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The "X" In The Box

Updated: Aug 26, 2022

The death is a traumatic death.

We know the death. It is the one that is unexpected and untimely. It is the one that rips a loved one from life. It is the one that snuffs out a life before that life even had a chance to begin. It is senseless. It is painful or violent and sudden. Whatever the cause, it is earth shattering. Traumatic death swoops in and rocks the earth beneath our feet. It sucks the air from our lungs. It makes our head spin.

On a death certificate there are three boxes. One is to be checked for the manner of death; natural, accidental, suicide. As a funeral director, on each death certificate, I saw the “x”. The manner of death was determined by the doctor or the coroner and a box was checked. Such a simple x in a box. One stroke of a key using the ring finger of the left hand. It doesn’t tell the story. It doesn’t comfort loved ones. It doesn’t reveal the depth of pain a family endures. It doesn’t explain to others the magnitude of despair. This “x” is shrouded in trauma.

The traumatic “x” elicits disbelief in others. We’ve all said it, “I can’t imagine what you are going through.”. It is the type of death that others have a hard time acknowledging. It is the type of death that no one can understand. For those living through a traumatic death, they would not wish the agonizing grief on their worst enemy. Traumatic grief is unimaginable and at times unbearable.

We can’t imagine it because we won’t allow ourselves to. Even the mere thought is too disturbing to us and we will not entertain the idea even in our imagination. The. Pain. Would. Be. Too Great…………..If this manner of death is too devastating for our minds, then how much greater the devastation for those living through it? Yet our society expects us to “get over it”, “look at the bright side”; we offer weak platitudes, “at least they didn’t suffer”, “he/she had a good life” or some other combination of words intending to comfort.

Let me say this plainly. There are NO WORDS that anyone can say that will take the pain away or lessen the pain of a traumatic death and the grief that follows. There are NO ACTS OF KINDNESS that will make things normal. With that being said however, we cannot let those who are suffering to do so alone. We can show empathy, compassion and good intention, but just know that their pain is still there. Our attempts at showing support are not about us and what we do. We are here to honor and hold space for them. We sit in silence when they don’t feel like talking. We hold them if they need a shoulder to cry on. We honor their wishes when they want to sit on the couch all day. We allow them space to stay in bed and weep. We accompany them if they ask to go to a crash sight (if we are invited). We make a casserole for the freezer. We listen as they ask why. We cry with them. We never judge their grief because there is no right or wrong way to grieve. We accept the anger and rage. We acknowledge the bitterness. We hear their rant toward God. We listen as they question their faith. We offer ourselves to them to do what they need us to do and to be what they need us to be. It is an honor to be invited into the grief of another.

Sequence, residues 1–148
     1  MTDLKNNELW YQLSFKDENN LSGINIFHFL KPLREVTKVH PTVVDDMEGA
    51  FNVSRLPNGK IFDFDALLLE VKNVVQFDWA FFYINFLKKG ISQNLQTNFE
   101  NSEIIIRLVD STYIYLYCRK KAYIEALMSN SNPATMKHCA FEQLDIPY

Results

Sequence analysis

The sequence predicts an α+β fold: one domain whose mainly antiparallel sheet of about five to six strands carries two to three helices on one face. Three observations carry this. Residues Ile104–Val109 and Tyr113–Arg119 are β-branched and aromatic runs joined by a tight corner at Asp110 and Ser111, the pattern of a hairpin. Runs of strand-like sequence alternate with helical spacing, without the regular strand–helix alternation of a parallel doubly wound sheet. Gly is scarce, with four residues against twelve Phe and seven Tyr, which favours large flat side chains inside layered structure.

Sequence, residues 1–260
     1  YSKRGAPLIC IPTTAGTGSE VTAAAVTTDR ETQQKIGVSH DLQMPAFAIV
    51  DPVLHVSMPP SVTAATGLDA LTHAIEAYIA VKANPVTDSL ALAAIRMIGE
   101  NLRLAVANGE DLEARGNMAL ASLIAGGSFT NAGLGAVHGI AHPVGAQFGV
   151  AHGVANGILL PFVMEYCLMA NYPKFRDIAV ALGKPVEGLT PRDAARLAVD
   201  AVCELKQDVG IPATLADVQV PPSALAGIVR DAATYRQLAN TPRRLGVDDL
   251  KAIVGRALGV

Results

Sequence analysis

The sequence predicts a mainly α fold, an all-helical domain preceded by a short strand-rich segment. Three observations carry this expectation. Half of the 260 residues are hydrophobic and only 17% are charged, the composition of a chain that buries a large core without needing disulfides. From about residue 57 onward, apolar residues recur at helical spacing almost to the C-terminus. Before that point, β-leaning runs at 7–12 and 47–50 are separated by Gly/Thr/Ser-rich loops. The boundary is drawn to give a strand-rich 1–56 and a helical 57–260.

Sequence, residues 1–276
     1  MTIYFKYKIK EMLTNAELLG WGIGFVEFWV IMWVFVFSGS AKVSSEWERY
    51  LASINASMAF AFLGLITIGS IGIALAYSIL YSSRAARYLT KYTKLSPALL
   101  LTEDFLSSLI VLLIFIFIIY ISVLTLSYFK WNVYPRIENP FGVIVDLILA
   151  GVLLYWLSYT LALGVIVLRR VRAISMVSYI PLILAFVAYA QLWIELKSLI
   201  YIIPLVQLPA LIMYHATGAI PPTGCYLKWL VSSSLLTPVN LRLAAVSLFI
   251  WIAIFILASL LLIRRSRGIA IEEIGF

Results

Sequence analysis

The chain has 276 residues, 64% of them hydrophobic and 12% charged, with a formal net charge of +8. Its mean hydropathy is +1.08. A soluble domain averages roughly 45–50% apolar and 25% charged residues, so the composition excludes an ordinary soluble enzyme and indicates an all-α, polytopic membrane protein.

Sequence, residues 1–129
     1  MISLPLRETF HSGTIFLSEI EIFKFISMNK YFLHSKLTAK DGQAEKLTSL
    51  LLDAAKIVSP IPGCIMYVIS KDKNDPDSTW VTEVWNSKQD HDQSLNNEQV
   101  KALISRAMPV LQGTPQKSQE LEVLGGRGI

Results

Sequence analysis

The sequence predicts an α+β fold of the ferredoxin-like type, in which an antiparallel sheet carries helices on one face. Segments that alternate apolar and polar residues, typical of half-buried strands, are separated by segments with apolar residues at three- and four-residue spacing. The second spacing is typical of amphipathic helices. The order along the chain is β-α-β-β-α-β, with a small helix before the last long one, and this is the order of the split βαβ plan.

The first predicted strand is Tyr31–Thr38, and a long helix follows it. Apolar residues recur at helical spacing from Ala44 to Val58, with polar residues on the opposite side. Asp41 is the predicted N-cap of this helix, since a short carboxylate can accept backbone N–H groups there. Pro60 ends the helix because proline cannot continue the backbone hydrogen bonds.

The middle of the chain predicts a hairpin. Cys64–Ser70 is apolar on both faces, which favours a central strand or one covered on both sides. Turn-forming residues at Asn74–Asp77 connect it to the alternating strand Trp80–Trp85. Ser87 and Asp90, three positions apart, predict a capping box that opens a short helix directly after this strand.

Traumatic grief demands attention. Our whole self is turned inside out. Our heart is laid bare and our balance is shattered. Reality is that if we do not give this grief our attention it will become something even more toxic. Bitterness, hatred, and distrust could seep into our very soul. Instead of risking that, we must give ourselves time. Allow time to feel the pain, feel the upheaval and disorganization. Realize that the inability to think straight is normal. There is no timeline and there is no end goal to grief. We must be willing to accept griefs invitation and allow it to express itself and know that it is OK.

With traumatic grief, in order to survive, we take one breath at a time. We live one moment at a time. Then in time we take a couple of breaths at a time, we live a few moments at a time. Eventually, we live hours at a time and a morning at a time. One day we will realize that we smiled or the time between crying episodes was just a little bit longer than the last. We may wake up one morning and realized we slept longer than three hours.

If you are reading this and you have experienced a traumatic death. I honor your grief. I recognize your struggle; I acknowledge the depth of your despair. I do know that what you are experiencing is a representation of so much more than an” x” in a box. My hands are pressed together at my heart as I witness you living with Grief in Life.


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